These days, company leaders base their speeches on one word: inclusion - "we present an inclusive work environment" is one example. They claim it as if it were an absolute truth. But is it really?

Let's do an exercise. Imagine you are in the process of recruiting a candidate for the communication area of your company. You come across the CV of a 29-year-old with the following profile:

  • Degree in Communication Sciences (with 6 months of Erasmus in Spain);
  • Master's degree completed with a mark of 18 (eighteen);
  • Proven experience in a wide range of companies - from audiovisual to pharmaceutical;
  • Member of the Scouts for 7 years.

It is possible that the above topics have piqued your curiosity, right?

However, I purposely forgot to mention one more characteristic: the young man is handicapped, suffering from cerebral palsy. Confess, at this point, after reading this last characteristic, it is very likely that the image created before has been replaced by a less positive and more uncertain one, right? This can be a sign of two things: misinformation or that, after all, your company is not applying well the concept of inclusion.

Ah, about the young man in the profile? It's the same one who writes the article you are now reading.

In society, the disabled person carries the label of incapacity, of being unable. From my experience in recruitment processes (even in those companies that claim to be inclusive), there is still the automatic instinct to lower expectations, to suppress my skills to the labels I carry: disability e cerebral palsy - in other words, they assume a priori that all disabled people have a cognitive deficit. That's a myth.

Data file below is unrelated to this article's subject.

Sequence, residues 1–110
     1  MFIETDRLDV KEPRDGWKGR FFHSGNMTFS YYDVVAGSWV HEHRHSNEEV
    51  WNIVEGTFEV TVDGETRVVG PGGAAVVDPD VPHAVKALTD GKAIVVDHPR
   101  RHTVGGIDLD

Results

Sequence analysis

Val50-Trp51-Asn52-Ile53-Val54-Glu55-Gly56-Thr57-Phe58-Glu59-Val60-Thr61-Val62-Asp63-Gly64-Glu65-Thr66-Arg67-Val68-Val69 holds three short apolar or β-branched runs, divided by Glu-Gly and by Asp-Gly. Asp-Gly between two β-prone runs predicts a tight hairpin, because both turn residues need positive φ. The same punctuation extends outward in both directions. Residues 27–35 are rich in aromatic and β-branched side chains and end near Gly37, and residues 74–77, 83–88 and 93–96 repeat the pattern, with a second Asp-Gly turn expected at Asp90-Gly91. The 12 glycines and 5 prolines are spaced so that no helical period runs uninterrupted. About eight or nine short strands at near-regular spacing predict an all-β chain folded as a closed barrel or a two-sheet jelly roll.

The truth is that the fact that my lack of motor coordination makes me walk like someone who seems to be constantly under the influence of alcohol, or that another person moves in a wheelchair, does not mean that we are not efficient in the workplace. The sooner you internalise that, the sooner a workplace will become truly inclusive.

So the challenge I leave you with is this: when looking for new talent, look outside the box. Look at disability as just the word efficiency which is, by any chance, preceded by the letter "d". I am sure that if you do that you will be surprised and that you will be an asset to your team.

As for the labels? Let them stay only on the clothes.

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